Every once in a while, a book comes along that challenges the way I see myself as a reader. I like to think that I'm a good reader, that I'm generous to authors and open to unusual scenarios or styles, and able to tease out allusions and images and all that "between the lines" stuff. I probably don't get everything (hence my continued joy of rereading), but I usually feel like I do okay, which means it's rare for me to have a complete turnaround on a novel when I'm more than halfway through. This is why I was so surprised by my experience reading Rachel Joyce's novel The Unlikely Pilgrimage of Harold Fry.
It's possible that I got stuck on the simple-seeming premise: essentially, the novel is about Harold Fry, who one day receives a letter from a woman he used to work with who is dying. He's very upset, and when he leaves to walk to the post box to mail his reply, he decides to instead walk to see her in person. This doesn't sound like much, but Harold is in his 60s, has no history of taking long walks, and lives in the south of England. Queenie Hennessy, however, is in a hospice in the north of England, practically on the border with Scotland. Harold doesn't return home to equip himself, and instead just continues walking in his yachting shoes, wearing a shirt and tie, with a rain jacket slung over his arm.
The thing is, we don't really know why Harold is walking. It seems a bit unbelieveable that a colleague from 20 years ago could rouse such activity in a man who is otherwise leading a fairly sedentary, boring life. Harold is retired, and although he's married it's pretty clear he and his wife don't have much to say to each other anymore. They have a son he never sees, and who only his wife talks to, and once the grass is cut he's at a bit of a loss as to what to do with himself. It did require a little suspension of disbelief for me to get over that, but once I was there, I very quickly became wrapped up in the story.
Harold spends most of his time on the road alone. He isn't a experienced walker, which means he's both slow to cover ground and quick to develop blisters and muscle pain. Alone with his thoughts, Harold starts reflecting on his life, and slowly his past is revealed in a tangle of memories. Harold's mother walked out on he and his father when he was a boy, and his father turned into a womanizer with no interest in his son. Then Harold met Maureen and fell in love. They married and eventually had their son, David, whom Harold loved very much but couldn't relate to. David was dark and moody, and very smart, and although Harold was filled with thoughts and feelings, he couldn't express them, which led to a great gap forming in their relationship. Because his estrangement from his son, Harold and Maureen grew apart too – she sided mainly with David and couldn't understand what was wrong with Harold.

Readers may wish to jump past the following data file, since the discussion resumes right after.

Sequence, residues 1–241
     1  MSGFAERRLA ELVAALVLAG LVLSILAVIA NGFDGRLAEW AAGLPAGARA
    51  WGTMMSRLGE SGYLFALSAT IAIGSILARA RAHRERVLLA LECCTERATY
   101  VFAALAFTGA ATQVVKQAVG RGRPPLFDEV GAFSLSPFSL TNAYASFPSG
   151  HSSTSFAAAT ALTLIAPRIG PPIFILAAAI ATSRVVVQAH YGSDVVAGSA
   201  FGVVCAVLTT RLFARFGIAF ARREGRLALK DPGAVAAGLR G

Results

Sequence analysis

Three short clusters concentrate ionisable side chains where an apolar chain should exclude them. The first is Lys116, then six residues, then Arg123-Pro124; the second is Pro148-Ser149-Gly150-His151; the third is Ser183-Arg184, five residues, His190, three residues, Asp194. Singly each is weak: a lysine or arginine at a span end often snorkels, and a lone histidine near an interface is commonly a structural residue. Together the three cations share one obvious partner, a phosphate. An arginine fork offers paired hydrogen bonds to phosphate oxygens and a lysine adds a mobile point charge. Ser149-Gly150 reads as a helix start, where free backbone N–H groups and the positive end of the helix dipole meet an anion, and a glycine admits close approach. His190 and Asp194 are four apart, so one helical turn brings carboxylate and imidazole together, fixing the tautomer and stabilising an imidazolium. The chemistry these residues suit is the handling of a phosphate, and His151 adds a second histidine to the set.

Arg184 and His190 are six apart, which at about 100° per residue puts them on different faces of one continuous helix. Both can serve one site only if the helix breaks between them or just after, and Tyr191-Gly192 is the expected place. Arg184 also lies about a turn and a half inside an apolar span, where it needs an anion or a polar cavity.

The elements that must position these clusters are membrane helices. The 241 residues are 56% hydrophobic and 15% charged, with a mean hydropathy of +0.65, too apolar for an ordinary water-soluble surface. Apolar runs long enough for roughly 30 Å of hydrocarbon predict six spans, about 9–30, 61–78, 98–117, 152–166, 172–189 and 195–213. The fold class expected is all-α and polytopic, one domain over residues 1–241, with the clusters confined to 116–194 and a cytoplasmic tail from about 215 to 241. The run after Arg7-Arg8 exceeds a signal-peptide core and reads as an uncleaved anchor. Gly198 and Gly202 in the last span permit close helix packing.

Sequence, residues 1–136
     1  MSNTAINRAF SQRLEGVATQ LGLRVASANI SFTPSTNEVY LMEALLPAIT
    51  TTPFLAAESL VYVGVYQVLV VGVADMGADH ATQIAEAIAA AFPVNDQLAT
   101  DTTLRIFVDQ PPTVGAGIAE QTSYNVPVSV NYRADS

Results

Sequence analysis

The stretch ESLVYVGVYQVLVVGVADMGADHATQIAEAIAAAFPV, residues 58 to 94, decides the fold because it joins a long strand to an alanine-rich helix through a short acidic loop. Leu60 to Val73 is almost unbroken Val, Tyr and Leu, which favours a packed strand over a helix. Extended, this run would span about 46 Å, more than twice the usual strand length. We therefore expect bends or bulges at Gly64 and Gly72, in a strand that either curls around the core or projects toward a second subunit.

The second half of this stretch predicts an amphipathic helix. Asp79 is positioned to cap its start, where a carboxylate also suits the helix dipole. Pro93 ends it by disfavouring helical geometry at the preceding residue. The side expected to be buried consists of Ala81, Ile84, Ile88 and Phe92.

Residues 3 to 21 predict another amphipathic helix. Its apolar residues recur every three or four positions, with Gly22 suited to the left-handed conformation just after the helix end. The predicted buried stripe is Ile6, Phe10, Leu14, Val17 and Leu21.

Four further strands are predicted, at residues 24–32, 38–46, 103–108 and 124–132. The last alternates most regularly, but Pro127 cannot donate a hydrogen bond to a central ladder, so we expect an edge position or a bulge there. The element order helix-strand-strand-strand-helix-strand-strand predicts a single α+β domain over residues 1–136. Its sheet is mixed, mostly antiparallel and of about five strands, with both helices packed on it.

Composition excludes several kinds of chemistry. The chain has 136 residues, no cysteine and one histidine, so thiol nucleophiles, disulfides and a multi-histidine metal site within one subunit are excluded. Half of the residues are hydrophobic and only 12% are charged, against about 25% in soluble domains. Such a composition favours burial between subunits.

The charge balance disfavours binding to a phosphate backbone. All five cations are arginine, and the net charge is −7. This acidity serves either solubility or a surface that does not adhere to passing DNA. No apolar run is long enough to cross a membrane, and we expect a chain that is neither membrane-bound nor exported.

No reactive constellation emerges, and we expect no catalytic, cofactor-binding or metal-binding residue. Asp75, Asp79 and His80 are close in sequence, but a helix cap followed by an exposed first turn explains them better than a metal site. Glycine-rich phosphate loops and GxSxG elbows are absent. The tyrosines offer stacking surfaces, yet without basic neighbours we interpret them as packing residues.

This sad and unchangeable past is balanced out by Harold's walk. He called and told the hospice to tell Queenie that he was coming, and that she needed simply to keep living until he arrived. Of course, the walk isn't all roses, and Harold has many moments of uncertainty, pain, and fear that what he's doing is a complete waste. He makes it about a third of the way to Queenie before a newspaper does a story about him, and then things explode. People start joining him, calling themselves pilgrims for Queenie, and slowing him down. Harold doesn't like the big group or its slowness, but he feels responsible for them and can't bring himself to leave. Every town they pass through requires photos ops, and before he realizes what's happening, Harold's quiet little walk has been co-opted and sponsored and taken over.
As I was reading the novel I found myself wondering when a newspaper would cover the story, and how it would go, and Joyce's portrayal of how quickly things get out of hand is perfect. But, what I most enjoyed about the book (the pleasing surprise) is how the tone and momentum of the novel build the farther Harold has walks. It's a clever and lovely construction, and Joyce uses it to great affect. I don't want to spoil the sensation of reading this central part, but suffice to say, Joyce subtly opens up the novel bit by bit as Harold himself opens up to both his past and the world around him. It's a great marriage of content and form.
The Unlikely Pilgrimage of Harold Fry is told mostly from Harold's perspective, although as the novel builds Joyce does slip in chapters from the perspective of his wife Maureen. Without these, it would be easy to blame Maureen for Harold's unhappiness, but the carefully two-sided story of their empty (though not loveless) marriage is all the more real and heartbreaking for knowing both sides. Similarly, the reveal at the end, which does explain Harold's compulsion to walk to Queenie, is striking in how it manages to be both very simple and hugely difficult. That's a balance Joyce plays with throughout the novel, always managing to withhold a little bit while still offering up an engaging story about a man trying desperately to do something different.
The Unlikely Pilgrimage of Harold Fry
by Rachel Joyce
first published 2012 (cover image shown from Doubleday Canada edition)